This fall, our curatorial team met to discuss our thoughts on the MFA Show process, as well as to talk with Lucía Sánromán about her curatorial experiences and perspective. Early in our conversation, a central theme started to emerge—the necessity of listening.
For Sánromán, the art of listening is the most important role of the curator: “A successful curatorial collaboration is about keeping a conversation going. Essentially, that means listening to one another.” Sánromán’s curatorial practice began eleven years ago as a desire to connect in meaningful ways with the artists around her. She continues this initial interest, having developed a curatorial practice that is not about fulfilling a singular vision, but instead is a collaborative effort between herself and the many artists involved in her projects. Sánromán’s ability to nurture deep and fruitful discussions, both with artists and fellow curators, allows her professional relationships to be as nuanced, complex, and generative as her personal ones.
Her curatorial education itself developed through relationships. Rather than returning to school after many years as a practicing artist, she began her curatorial development through a mentoring relationship with the Mexico City curator Osvaldo Sánchez:
“He was the artistic director of inSITE when I moved to Tijuana in 2003. I had never seen anything like that project before. It was really experimental and open-ended, following in the footsteps of Mary Jane Jacob’s Culture in Action and similar projects that explored the question and notion of audience or co-creation. It was a really transformative experience to be in the periphery of that project and to follow it closely.”
Though she admits that there is value in obtaining a professional degree as a curator, many of the skills that she considers essential to a curatorial practice often develop through years of on-the-ground experience. This interpersonal education is evident in her warm and thoughtful demeanor, as well as in her ability to treat each new experience as an opportunity for further learning.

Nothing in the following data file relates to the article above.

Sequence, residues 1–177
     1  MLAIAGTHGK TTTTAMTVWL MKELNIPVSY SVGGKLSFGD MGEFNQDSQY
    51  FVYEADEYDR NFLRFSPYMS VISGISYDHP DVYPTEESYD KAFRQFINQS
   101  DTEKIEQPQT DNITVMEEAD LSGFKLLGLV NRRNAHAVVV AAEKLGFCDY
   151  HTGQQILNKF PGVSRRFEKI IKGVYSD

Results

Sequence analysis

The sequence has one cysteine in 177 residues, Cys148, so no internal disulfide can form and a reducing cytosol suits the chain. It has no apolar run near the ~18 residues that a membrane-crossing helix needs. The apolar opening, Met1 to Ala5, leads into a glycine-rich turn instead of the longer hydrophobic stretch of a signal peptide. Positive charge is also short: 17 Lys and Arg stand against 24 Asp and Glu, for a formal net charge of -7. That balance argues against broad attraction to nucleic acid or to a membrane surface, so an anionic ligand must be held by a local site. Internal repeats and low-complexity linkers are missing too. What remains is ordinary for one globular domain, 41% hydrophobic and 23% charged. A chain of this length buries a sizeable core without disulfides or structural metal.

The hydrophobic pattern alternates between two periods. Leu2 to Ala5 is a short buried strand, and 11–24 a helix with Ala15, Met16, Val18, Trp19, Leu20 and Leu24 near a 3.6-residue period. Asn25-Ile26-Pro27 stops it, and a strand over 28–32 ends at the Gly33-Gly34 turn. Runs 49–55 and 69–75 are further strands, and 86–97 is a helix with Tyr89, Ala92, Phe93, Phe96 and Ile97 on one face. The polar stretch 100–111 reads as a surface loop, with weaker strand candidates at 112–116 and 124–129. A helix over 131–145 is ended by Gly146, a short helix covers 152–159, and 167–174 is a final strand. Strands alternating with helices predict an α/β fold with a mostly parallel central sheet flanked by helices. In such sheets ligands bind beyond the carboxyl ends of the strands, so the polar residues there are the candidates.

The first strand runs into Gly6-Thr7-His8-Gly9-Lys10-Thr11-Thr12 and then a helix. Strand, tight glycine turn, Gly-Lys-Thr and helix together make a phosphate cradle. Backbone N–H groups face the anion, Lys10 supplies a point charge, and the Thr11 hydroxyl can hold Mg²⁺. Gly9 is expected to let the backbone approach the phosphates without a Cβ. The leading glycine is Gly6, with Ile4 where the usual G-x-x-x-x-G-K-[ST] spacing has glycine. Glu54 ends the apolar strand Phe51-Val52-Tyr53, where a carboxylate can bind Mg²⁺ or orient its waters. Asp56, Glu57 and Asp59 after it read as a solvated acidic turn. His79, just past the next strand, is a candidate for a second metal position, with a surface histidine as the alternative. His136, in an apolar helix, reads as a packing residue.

As a curator who has experience working with large exhibitions, Sánromán knows the challenges that come with the MFA Show: “Our challenge is making an exhibition with so many people and artists, and so many elements and ingredients. We have to make the recipe sing.” She does not believe that personal taste should play a role in curating a successful exhibition, or that curators should create forced connections between a multitude of diverse projects. Instead, the curator should study the themes that are inherent within each work in order to discern how artistic projects can work best together. This allows our curatorial team as a whole to foster moments of intersection, complex engagement, and juxtaposition. Rather than trying to construct a unifying thread for all of the projects in the MFA Show, our team aspires to create compelling curatorial moments in the gallery space.
Firmly opposed to the philosophy that conflict is a creative space, Sánromán believes that creativity emerges only from a relationship built upon trust and respect, both for others and for one’s self. She maintains a sense of professionalism through her sustained attention to the administrative, logistical skills required of a curator, meanwhile devoting that same care to artists and artistic process. As an independent curator, Sánromán is not tied to a particular institution. This allows her the freedom to pursue exhibitions about which she is passionate, including the 2015 MFA Show.
Sánromán deeply believes in listening to one’s own inner desires. As a longtime artist herself, she has a clear understanding not only of materials and object making, but also of the importance of intuition and self-reflection. For her, life and work are fused. She advises: “Pay attention to your desires. Try to listen to yourself–even to the things that you don’t want to hear.” By developing a strong self-awareness from careful, intentional self-listening, she can engage in keen observation of both the artist’s work and of their intuitive and thoughtful practices.
Annie Cottrell Tron, Master of Fine Arts Candidate in Performance, 2015
Elizabeth Metcalfe, Master of Arts Candidate in Art History, Theory, and Criticism, 2015